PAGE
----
Using the following three-part quesion as an example, we explored with what search terms this paper would and would not have been found.
‘Does an antifibrinolytic agent reduce mortality in trauma patients with significant haemorrhage?’
Domain: trauma patients with significant haemorrhage
Determinant: antifibrinolytic agent
In this post, I want to focus on the use of thesaurus terms when doing a literature search. Let’s have a look which thesaurus terms are attached to this paper, taking MeSH (in PubMed) as an example.
Domain: wounds and injuries, hemorrhage
- wounds and injuries is a very broad MeSH-term, encompassing, among a host of other types of injuries, various forms of trauma. There is no single MeSH-term for trauma.
- Note that while it will limit the amount of references retrieved, it is not strictly necessary to include subheadings (e.g. wounds and injuries/complications) in a MeSH-search. In fact, it can cause you to miss relevant papers that have not been assigned that particular subheading (either on purpose or by mistake).
Determinant: tranexamic acid, antifibrinolytic agents
- When the action of a drug is being discussed, both the specific drugMeSH term (here: tranexamic acid) and the appropriate pharmacological action MeSH-term (here: antifibrinolytic agents) will be assigned to the article.
- If the pharmacological action MeSH-term is searched as [Pharmacological Action] or [pa] instead of [Mesh], all substances with that particular pharmacological action will automatically be included in the search
- Mortality is used here as a subheading. To search for a subheading irrespective of the MeSH-term to which is is attached, use mortality[subheading] or mortality[sh]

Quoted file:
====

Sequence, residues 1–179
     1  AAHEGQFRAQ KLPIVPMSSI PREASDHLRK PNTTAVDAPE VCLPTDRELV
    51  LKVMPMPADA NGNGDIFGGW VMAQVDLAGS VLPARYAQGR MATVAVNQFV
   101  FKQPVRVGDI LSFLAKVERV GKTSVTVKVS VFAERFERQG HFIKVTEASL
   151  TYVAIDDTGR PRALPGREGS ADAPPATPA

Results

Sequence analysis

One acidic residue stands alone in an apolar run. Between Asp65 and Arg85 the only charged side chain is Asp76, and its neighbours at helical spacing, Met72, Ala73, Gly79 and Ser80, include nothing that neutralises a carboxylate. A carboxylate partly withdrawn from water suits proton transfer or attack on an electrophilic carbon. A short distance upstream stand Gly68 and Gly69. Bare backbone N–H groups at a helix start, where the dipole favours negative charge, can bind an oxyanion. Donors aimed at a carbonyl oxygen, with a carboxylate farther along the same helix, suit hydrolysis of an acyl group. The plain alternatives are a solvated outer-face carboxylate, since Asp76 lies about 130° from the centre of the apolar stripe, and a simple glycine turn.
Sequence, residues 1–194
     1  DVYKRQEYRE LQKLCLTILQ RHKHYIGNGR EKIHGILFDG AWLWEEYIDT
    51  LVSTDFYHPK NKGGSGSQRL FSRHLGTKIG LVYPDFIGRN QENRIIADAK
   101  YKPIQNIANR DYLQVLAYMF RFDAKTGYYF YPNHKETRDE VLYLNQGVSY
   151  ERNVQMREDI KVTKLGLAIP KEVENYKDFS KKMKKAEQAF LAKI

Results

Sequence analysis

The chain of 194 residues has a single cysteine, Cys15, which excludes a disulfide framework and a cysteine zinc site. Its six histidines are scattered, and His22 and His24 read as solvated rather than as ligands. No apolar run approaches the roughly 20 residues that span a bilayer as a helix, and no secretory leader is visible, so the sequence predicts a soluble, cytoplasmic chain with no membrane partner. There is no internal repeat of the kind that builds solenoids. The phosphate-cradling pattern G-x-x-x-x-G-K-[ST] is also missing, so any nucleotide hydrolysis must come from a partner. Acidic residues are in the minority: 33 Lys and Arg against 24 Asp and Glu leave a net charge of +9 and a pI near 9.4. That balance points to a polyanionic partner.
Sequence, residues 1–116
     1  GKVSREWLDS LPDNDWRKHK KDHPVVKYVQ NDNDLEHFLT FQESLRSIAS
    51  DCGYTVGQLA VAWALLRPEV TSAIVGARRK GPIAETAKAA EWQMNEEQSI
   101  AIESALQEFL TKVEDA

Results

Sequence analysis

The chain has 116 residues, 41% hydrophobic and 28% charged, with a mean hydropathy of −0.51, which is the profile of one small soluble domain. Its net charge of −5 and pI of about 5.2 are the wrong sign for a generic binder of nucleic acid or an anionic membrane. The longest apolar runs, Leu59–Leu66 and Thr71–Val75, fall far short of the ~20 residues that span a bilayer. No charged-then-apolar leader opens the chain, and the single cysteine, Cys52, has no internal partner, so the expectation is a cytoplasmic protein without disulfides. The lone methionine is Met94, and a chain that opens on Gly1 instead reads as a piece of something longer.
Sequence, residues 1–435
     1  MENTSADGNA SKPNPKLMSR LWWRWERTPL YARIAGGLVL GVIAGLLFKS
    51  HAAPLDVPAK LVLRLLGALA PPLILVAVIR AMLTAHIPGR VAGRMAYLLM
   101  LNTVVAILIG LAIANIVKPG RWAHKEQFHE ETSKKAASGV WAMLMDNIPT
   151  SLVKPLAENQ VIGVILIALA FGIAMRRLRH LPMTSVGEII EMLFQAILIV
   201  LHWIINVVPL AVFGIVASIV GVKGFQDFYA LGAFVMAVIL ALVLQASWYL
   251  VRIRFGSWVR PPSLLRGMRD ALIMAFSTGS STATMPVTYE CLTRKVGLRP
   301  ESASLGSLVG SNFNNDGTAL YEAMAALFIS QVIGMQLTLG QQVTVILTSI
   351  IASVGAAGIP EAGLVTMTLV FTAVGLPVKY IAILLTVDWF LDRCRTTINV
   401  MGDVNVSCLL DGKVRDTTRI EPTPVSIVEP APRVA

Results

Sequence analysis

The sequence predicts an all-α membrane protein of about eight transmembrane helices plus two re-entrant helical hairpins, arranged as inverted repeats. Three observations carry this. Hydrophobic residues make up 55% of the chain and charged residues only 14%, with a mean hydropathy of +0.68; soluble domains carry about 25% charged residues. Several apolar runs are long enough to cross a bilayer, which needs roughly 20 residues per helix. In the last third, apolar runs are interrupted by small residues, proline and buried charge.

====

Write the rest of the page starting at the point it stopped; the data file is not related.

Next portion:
- Using the MeSH-terms mortality, death or fatal outcome would not have yielded this article. In the MeSH Database, the use of each MeSH-term is explained.
A word on outcomes:
In this case, I included one the primary outcome of the study in my three-part question. Indeed, this outcome (mortality) was mentioned in both title and abstract of the article, and was ‘awarded’ a MeSH-subheading. Often though, this is not the case with all outcome parameters, both primary and secondary.
For instance, in title and abstract of this paper, the following outcomes are decribed:
- mortality/death with the following categories: bleeding, vascular occlusion (myocardial infarction, stroke and pulmonary embolism), multiorgan failure, head injury and other
- vascular occlusive events (i.e. not necessarily fatal), blood transfusion
Some, but not all of the outcomes mentioned in title/abstract have been awarded a MeSH-term or subheading. In addition, additional outcomes (e.g. dependency) were studied that were not mentioned at all in title/abstract or MeSH-headings (Note the ‘and other’ in the abstract!). This often happens when either the outcome in question is not the main focus of the study, or when there is no significant effect of the treatment on that particular outcome…
The take-home message is that, for therapeutic questions, it can be a good idea to limit your search to domain and determinant only, and not to include the outcome(s). This will ensure that no papers are missed which contain (negative) data on an outcome, but in which that outcome is neither indexed with thesaurus terms nor mentioned in title/abstract.